In court cases evidence is not admissible unless it is based on fact. There is no room for opinions. The exception to this rule is expert evidence that allows evidence of certain persons that have specialised knowledge to be admitted.
Mr Honeysett was convicted of armed robbery at the Narabeen Sands Hotel based on the opinion of expert evidence. There was CCTV footage of the robbery that showed three offenders that each had on long dark clothing and disguised their faces with ‘white pillows or T-shirts wrapped around’ their faces.
The Prosecution managed to have admitted into evidence, over the objection of the accused, the evidence of a Professor of Anatomy, Maciej Henneberg from the University of Adelaide.
Professor Henneberg gave evidence from viewing the CCTV footage and also seeing photographs of the accused when he was in a Police cell, that included that there were eight features that he could see from the CCTV footage that included that he was adult male, had a skinny body build, medium body height, short hair and the shape of his head. The Professor used medical terms to describe the above characteristics. The Professor came to the view that the accused shared those eight characteristics. The accused asserted that the Professor’s opinion was not expert evidence, but rather an opinion that anybody could have made.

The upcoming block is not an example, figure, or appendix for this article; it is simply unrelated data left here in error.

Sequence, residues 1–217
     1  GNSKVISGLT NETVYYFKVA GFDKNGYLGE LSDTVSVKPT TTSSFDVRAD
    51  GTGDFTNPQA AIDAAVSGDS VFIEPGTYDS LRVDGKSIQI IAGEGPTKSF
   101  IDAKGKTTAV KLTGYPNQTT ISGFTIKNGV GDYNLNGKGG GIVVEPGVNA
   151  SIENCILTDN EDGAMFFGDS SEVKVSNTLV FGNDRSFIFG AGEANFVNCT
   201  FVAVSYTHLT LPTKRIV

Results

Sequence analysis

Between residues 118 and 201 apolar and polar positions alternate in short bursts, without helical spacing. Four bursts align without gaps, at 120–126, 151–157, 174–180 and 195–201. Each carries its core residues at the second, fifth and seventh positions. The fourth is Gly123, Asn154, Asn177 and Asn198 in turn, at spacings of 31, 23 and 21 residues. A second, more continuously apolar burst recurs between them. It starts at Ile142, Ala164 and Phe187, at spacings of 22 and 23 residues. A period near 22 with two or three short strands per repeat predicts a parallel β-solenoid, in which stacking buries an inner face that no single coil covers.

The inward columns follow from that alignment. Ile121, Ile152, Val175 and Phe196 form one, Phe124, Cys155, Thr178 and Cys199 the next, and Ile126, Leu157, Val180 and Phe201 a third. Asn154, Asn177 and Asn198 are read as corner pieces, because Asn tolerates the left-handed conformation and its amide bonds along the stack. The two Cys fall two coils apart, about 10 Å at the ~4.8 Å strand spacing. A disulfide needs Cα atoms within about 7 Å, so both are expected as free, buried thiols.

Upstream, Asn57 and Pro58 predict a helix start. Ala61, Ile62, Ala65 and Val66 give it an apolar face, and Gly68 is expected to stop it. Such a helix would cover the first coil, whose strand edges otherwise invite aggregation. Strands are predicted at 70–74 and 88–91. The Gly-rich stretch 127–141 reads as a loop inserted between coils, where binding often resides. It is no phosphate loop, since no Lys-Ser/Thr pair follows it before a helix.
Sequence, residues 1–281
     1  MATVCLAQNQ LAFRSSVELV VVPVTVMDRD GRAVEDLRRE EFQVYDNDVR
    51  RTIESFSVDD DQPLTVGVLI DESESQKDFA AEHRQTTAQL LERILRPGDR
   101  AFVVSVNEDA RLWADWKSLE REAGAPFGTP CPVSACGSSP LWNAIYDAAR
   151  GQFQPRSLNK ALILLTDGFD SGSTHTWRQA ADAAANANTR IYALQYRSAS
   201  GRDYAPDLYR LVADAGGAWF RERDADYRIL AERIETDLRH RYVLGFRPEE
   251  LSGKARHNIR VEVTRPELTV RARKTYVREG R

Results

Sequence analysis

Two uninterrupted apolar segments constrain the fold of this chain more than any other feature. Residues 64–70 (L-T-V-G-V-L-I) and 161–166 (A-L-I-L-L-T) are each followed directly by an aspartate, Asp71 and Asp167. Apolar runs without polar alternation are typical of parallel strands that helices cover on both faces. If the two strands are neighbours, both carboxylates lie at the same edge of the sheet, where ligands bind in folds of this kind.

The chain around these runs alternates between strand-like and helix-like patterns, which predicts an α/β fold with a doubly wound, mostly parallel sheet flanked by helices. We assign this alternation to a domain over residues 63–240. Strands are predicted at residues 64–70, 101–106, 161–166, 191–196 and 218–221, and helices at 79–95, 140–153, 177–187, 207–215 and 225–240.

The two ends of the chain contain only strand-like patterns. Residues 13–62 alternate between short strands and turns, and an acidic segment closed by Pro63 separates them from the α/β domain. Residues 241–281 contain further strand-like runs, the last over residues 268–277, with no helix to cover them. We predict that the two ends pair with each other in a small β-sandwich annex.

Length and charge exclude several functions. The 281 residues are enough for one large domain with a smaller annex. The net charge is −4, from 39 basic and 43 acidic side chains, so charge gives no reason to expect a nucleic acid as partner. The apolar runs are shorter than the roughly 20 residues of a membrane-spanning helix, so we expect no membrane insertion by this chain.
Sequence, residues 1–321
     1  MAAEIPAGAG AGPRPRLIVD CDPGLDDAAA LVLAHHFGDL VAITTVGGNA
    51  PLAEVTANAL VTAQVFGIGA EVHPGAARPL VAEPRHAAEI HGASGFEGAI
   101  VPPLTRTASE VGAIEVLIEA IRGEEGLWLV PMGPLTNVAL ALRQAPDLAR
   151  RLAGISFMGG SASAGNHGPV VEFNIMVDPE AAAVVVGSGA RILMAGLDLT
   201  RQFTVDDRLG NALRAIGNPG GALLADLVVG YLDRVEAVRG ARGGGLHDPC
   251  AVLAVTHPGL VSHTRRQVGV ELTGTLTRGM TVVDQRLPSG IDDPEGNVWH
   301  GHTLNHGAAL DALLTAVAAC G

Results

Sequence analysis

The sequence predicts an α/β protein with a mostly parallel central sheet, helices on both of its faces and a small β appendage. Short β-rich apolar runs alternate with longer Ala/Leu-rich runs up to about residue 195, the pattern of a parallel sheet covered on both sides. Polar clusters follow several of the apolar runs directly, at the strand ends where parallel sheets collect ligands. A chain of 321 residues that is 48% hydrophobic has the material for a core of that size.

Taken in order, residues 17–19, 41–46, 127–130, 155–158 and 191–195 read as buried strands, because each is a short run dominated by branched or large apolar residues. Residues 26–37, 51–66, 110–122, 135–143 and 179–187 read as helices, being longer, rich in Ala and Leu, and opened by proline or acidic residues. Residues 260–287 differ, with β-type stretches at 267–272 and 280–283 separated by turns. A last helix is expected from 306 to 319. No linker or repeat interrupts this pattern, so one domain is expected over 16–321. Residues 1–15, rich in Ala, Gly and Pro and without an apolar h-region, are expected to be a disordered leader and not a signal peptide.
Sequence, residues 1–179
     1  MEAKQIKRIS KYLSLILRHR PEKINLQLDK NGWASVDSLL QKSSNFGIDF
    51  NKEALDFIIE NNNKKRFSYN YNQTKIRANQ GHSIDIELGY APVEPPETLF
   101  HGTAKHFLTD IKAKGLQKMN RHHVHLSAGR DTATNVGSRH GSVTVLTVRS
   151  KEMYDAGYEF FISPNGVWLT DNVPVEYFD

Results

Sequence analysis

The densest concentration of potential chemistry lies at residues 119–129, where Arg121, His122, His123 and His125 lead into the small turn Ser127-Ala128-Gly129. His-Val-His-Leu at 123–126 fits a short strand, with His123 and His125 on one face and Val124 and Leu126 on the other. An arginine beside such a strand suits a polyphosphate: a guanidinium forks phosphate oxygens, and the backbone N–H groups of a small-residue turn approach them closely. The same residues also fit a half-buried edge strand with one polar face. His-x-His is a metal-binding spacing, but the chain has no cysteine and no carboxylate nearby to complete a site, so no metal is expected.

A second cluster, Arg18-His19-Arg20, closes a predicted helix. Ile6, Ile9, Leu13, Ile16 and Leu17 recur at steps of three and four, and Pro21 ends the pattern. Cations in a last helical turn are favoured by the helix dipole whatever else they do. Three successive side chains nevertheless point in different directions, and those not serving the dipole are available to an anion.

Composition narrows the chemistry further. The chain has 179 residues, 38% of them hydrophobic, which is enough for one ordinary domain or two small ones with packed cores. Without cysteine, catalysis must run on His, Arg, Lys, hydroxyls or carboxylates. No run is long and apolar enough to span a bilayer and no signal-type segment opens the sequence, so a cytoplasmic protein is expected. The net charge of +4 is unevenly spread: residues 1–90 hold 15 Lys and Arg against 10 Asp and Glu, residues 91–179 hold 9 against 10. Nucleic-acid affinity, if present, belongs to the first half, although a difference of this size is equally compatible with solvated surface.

The High Court held that the evidence of Professor Henneberg was not based wholly or substantially on his knowledge of anatomy and that his opinion of the characteristics of the offender was based on his subjective impression of what he viewed on the video and as such was not expert evidence and not admissible.
On that basis the appeal was upheld and a new trial was ordered, which will be without the evidence of Professor Henneberg.
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